We will be presenting recommendations for building and improving career insurance to reach your career goals for the short and long-term.
People who are not naturally drawn to professional networking often tell me they don't realize how important it is until they lose a job. In light of the social networking buzz this topic is in the process of evolving and changing as well. Tools like LinkedIn, Facebook and Twitter are great if you are utilizing them with a specific purpose. They also have advantages and disadvantages like any technology.
Although online networking sites provide a highly efficient way to cultivate contacts, they are not a replacement for personal interactions. Face-to-face meetings build rapport and relationships in a way that electronic communication cannot replicate. Continue to meet new people in-person even when you land your ideal "job". This can be a blind spot for many people. It's smart to build a wide, diverse range within your network. In other words, going beyond your field, industry or area of expertise to meet and get to know people.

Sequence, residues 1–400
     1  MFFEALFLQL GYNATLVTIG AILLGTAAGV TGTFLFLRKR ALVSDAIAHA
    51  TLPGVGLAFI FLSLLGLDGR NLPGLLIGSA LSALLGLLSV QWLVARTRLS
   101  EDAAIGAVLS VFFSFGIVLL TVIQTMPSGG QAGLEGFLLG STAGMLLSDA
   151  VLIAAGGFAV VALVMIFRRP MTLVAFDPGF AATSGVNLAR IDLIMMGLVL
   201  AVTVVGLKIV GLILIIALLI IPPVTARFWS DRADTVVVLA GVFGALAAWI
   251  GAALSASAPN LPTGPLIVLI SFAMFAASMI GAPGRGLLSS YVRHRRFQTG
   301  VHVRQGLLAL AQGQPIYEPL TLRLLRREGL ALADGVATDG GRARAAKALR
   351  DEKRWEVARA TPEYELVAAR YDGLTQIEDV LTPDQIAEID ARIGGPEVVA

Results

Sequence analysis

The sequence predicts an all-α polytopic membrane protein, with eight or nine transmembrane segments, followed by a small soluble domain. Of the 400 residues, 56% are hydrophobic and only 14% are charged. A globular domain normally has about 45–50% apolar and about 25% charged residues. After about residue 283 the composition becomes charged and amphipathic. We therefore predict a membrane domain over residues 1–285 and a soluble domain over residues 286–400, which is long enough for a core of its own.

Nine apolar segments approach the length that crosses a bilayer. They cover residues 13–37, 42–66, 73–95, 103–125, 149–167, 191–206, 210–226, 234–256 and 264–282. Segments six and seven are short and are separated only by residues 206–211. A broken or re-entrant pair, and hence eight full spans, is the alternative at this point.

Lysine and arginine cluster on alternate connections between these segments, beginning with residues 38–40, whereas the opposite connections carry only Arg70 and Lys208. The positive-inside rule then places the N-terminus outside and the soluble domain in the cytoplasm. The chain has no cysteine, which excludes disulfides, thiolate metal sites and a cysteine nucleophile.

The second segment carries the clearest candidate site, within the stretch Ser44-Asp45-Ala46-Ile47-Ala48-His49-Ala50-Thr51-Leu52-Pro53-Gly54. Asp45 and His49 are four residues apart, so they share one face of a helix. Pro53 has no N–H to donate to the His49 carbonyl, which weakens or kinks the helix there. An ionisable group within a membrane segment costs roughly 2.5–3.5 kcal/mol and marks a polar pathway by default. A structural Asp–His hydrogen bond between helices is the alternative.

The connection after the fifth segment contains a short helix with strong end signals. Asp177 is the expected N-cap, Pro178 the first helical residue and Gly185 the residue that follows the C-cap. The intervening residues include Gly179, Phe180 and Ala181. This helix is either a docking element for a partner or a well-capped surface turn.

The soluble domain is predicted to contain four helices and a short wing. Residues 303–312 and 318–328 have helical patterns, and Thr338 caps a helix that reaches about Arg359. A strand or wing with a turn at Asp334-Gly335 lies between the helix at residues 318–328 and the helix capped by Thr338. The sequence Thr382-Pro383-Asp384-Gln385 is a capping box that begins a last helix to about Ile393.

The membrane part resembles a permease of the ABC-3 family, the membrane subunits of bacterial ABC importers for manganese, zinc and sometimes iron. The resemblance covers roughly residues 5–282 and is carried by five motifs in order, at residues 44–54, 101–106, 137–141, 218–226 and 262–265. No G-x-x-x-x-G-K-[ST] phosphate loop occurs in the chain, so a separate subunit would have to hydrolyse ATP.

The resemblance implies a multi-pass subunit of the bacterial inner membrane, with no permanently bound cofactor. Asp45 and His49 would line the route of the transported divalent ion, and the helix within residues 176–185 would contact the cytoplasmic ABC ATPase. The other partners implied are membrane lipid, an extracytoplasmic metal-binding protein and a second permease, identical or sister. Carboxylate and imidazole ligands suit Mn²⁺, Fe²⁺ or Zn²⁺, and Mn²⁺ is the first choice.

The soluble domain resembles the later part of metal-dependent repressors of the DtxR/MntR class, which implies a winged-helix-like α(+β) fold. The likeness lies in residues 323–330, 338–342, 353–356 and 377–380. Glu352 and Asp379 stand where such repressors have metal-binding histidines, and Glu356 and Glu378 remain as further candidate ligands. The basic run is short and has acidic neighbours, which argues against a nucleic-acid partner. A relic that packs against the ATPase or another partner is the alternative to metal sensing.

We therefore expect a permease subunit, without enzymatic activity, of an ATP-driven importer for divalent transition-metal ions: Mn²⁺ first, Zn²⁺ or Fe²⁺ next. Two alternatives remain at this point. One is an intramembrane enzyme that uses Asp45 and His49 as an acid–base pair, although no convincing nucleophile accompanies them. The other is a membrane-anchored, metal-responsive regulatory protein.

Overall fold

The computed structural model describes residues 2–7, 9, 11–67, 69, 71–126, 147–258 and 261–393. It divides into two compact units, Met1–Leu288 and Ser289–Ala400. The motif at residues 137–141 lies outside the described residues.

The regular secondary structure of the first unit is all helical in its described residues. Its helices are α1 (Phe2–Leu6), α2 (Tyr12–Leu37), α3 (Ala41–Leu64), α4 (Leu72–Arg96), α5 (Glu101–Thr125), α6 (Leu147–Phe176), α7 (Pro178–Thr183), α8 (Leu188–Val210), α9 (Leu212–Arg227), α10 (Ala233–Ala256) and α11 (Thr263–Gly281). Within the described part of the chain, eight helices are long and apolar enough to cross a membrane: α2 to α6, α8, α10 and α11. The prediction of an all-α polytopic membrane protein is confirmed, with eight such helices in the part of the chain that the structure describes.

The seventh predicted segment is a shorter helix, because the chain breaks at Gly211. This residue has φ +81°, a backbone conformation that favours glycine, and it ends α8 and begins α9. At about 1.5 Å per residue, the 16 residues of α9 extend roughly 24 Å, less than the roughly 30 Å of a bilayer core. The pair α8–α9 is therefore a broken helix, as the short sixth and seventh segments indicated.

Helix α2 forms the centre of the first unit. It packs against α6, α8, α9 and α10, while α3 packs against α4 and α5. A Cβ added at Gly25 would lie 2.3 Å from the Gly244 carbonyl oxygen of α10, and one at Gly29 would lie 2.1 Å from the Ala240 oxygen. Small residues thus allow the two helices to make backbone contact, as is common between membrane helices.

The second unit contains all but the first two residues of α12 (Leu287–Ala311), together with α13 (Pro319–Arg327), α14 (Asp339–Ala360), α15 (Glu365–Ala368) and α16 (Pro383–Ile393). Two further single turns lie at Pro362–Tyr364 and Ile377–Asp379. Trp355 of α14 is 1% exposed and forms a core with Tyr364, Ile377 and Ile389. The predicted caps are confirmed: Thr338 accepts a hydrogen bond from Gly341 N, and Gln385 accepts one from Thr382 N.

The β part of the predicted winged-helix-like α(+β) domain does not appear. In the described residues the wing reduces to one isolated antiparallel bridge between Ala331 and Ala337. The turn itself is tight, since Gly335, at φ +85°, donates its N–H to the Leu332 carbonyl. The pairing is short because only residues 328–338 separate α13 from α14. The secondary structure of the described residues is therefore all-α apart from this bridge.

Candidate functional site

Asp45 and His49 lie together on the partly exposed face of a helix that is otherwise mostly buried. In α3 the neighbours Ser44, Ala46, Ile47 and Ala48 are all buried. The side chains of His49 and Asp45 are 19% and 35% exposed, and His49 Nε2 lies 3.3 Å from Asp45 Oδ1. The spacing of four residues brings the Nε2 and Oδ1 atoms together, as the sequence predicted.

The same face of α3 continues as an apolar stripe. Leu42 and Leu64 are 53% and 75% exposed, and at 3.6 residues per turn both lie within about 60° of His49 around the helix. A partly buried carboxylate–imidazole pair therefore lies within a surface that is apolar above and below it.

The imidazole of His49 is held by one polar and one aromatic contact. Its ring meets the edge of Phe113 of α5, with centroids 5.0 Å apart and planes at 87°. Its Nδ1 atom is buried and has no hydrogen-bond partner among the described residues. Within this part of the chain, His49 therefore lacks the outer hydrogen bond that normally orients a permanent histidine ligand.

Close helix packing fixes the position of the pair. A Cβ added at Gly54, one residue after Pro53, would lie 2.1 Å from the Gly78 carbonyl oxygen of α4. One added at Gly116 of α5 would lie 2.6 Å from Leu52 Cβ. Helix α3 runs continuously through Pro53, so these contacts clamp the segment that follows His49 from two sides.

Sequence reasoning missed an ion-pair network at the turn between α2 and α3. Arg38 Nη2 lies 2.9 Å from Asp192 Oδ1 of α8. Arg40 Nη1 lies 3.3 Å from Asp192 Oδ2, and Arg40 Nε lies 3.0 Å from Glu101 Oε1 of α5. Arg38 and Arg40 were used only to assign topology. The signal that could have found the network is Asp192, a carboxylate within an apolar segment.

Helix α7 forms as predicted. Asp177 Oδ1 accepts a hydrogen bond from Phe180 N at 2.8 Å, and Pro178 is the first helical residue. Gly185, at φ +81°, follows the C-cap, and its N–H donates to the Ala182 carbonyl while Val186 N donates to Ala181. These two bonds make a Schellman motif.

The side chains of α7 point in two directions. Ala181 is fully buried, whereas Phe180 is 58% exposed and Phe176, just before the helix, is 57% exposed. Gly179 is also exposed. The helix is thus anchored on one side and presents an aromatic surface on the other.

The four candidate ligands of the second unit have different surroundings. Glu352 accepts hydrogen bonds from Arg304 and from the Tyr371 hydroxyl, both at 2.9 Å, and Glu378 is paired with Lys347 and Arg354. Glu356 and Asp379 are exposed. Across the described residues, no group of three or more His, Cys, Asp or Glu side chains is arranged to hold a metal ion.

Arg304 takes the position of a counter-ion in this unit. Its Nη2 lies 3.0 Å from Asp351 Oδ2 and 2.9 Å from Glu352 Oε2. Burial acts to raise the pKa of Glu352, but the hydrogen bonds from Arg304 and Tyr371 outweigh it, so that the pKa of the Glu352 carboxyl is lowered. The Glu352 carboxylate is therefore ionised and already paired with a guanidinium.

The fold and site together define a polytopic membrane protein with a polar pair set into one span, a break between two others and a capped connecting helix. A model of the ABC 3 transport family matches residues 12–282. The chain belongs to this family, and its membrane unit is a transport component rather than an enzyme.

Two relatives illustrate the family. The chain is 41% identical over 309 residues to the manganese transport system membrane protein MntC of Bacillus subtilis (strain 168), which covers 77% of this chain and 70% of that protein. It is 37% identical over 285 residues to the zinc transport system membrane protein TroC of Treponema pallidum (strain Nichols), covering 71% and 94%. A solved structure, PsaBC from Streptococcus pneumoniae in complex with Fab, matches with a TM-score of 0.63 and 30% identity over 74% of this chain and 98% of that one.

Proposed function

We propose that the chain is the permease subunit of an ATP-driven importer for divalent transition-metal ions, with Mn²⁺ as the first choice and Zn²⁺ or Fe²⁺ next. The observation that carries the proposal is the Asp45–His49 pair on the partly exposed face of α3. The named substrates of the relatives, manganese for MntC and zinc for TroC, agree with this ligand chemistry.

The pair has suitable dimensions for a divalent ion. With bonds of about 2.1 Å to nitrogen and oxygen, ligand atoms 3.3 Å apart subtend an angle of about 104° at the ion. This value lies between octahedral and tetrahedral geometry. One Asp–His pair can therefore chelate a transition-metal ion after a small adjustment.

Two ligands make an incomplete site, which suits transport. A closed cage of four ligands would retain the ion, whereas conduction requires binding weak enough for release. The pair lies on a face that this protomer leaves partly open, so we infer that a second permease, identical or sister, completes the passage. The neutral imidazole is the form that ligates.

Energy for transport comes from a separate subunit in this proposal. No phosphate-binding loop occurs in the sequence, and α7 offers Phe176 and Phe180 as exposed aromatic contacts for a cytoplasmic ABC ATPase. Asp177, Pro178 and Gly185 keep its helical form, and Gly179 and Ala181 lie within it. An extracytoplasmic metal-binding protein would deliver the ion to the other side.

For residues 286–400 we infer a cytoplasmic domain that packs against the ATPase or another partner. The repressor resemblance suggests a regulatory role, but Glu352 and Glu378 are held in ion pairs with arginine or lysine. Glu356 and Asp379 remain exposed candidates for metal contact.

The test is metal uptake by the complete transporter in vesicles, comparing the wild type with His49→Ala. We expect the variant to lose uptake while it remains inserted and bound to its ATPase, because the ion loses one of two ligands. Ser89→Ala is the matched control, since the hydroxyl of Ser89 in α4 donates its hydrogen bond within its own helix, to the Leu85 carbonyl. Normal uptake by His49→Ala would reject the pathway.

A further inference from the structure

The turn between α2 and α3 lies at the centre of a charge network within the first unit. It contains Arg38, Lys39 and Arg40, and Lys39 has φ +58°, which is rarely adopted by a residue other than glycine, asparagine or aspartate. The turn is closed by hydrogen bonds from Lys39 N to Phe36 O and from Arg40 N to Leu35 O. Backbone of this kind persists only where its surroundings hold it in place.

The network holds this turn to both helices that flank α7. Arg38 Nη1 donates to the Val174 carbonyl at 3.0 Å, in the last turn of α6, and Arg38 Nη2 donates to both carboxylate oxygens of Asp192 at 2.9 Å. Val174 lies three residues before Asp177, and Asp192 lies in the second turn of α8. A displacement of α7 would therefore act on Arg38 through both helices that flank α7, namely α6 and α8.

Focus on helping others when you network. I keep hearing about how people have become more self-centered because of social media and less engaged in diplomacy or non-dramatic communication. It's practical and wise to authentically introduce people, offer a reference, offer solutions and, or even volunteer. It will come back to you, if you believe in what you are doing.
Many people are working longer hours than ever, especially due to the shrinking teams over the past year. Those who are working tell me they have little time to network or return calls and emails from people seeking their time for networking. I recommend putting one date aside on the calendar for 1-2 hours each month to follow-up with those folks by phone. They will understand and appreciate your follow through.
Remember to thank people as often as you can. Gratitude has sadly been neglected more recently due to economic stressors and people's demanding schedules.